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Making Scenes

A cautionary memoir about the hazards of mixing dinner and drama.

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Sometimes, when I get tired of writing about food and the performing arts, I look back on my short sad career in dinner theater — a union that somehow always manages to be the worst of both worlds — and suddenly everything is hunky dory. Restaurants can be difficult and full of drama even when business is good. In leaner times, the backstage soap operas can turn into a Jacobean revenger's tragedy. From the day it opened in May 1993, Mysteries on Beale was in leaner times.

I should have trusted my gut on that beautiful spring night in the parking lot of Steak & Ale. I never liked dinner theater. Something told me to blow off the job interview and go home. I mean, what kind of serious restaurant or theater people would ever schedule meetings at a Steak & Ale? Right?

"I don't know dinner and I don't know theater," said Tony, my potential employer, pointing his ringed pinky finger at me in the dimly lit East Memphis beer-and-beef emporium. This strange piece of biographical information was somehow supposed to make me feel more comfortable with the management team. But it didn't.

"I do know chemical, though," he asserted, the smoke from his ever-present cigarette pouring out of his nostrils. "And that, my friend, is art." Tony said he'd made a good living working in Memphis' chemical industry but was ready for a change. That's why he was moving ahead with his dream to open a dinner theater just like the tourist-oriented venues he visited regularly on his many business trips. Every play would be an interactive murder mystery, he said, and everything from the wine list to the fine Italian food coming out of the kitchen and to the tuxedo-clad waiters providing "silent service" would be "classy." Tony wanted me to be in charge of the plays. He wanted me to make them classy too.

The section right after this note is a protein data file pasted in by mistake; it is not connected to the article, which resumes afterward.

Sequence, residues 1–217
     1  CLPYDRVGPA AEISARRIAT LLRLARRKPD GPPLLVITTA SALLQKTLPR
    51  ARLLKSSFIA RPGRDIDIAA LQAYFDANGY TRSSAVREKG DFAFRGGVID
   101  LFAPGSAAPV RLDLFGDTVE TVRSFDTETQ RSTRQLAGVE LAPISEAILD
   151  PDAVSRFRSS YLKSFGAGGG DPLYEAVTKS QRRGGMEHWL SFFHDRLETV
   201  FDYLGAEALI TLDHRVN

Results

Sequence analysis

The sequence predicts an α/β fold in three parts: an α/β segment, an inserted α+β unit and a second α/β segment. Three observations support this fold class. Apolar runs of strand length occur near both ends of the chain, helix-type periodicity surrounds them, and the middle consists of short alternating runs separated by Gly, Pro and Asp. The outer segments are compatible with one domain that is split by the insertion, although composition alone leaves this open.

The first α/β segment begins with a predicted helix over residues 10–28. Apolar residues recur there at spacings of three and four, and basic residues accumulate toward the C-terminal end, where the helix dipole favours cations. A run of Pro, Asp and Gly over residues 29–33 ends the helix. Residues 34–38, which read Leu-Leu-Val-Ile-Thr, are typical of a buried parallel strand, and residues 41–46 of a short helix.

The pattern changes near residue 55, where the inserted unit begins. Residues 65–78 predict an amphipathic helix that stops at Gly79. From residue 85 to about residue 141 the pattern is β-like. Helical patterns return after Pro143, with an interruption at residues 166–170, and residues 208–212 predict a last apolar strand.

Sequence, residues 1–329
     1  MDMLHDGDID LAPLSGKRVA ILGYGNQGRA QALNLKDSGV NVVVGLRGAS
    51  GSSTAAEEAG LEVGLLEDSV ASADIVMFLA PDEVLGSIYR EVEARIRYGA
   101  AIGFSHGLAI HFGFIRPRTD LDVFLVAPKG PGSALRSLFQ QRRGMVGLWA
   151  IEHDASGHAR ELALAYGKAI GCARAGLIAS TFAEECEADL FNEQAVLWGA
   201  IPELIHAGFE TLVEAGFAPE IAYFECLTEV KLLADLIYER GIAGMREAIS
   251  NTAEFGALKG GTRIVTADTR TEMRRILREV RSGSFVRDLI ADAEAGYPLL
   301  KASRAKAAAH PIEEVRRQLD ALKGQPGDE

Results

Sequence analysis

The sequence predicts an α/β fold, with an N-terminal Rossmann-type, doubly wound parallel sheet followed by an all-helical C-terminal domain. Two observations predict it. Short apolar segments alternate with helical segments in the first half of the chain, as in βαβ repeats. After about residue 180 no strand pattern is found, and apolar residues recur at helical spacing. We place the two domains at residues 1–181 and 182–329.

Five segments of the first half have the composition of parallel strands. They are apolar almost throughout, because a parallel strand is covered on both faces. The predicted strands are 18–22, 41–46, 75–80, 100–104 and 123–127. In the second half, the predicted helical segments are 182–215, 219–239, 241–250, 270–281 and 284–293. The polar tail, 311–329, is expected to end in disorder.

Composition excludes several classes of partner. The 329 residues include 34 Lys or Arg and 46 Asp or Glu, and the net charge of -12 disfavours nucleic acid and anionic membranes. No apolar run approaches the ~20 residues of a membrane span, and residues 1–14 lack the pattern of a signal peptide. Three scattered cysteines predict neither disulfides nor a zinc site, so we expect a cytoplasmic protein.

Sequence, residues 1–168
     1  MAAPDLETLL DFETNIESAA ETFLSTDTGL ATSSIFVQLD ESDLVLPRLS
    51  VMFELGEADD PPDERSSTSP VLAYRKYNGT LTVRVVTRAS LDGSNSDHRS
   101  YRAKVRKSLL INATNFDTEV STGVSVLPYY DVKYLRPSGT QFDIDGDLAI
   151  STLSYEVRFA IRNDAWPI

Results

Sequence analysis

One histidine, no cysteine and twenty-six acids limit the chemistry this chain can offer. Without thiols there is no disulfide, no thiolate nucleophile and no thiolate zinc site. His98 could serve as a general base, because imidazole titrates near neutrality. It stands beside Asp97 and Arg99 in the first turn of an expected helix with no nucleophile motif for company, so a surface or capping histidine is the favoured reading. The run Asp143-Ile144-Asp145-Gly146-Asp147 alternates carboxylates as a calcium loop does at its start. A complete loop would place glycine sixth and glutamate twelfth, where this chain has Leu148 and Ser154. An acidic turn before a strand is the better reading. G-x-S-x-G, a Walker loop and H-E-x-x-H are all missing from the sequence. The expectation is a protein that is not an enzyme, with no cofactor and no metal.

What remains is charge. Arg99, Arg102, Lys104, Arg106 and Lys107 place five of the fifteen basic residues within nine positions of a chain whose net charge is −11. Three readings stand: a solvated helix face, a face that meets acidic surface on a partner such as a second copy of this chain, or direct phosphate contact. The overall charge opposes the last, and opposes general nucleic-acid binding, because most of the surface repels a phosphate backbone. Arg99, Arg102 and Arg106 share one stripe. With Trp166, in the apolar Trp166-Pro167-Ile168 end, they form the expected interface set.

"Do murder and fine-dining mix?" I asked, and Tony laughed. "Trust me, people love it," he said. The drama began as soon as we moved into Number 1 Beale, where the restaurant was scheduled to open.

"What do you mean I don't get to choose the plays?" I asked the management team upon the discovering that a deal had been struck to produce plays created by another dinner theater. "That's like not letting the chef order his own ingredients," I complained. My request not to get locked into an exclusive deal with anybody was met with blank stares and the photocopied book for a show titled Scratch a Rising Star, a Scooby Doo-like mystery about a Hollywood director trying to cast a sequel to Gone With the Wind as his potential stars are picked off one by one. "I feel your pain," the chef said when I passed him on my way back to the office to make things classy.

A few weeks before the final curtain, Tony came into my office and slammed a piece of original artwork down on my desk. I looked at the picture of a man face down in his plate of spaghetti, then I looked back up at Tony who was still red-faced and sputtering. "How about a little murder with your meatballs?" he asked, quoting the ad copy. "'Murder with your meatballs'? Who thought this stuff up? Who thought this was a good idea? Who authorized you to associate the food in my restaurant with killing a guy dead?"

"Well, this is a mystery dinner theater," I answered, a little amused and standing my ground. "We kill somebody every night. Some nights we kill a lot of people. They all die tableside. Usually right before the entrée is served.

"Trust me," I said. "People love it."

"But we don't even have meatballs on the menu," Tony howled, smacking his head and storming away.

Mysteries on Beale, Beale Street's first and (so far) only dinner theater opened with a gigantic staff that included an individual waiter for every table, a team of hostesses, a bartender who juggled bottles, a few bathroom attendants, an army in the kitchen, a security detail, and a cast of seven actors who worked for $15 a show and a plate of fried chicken tenders. It closed six months later with a skeleton crew and a cast of seven actors who still worked for $15 a show and a plate of chicken tenders. It was classy.

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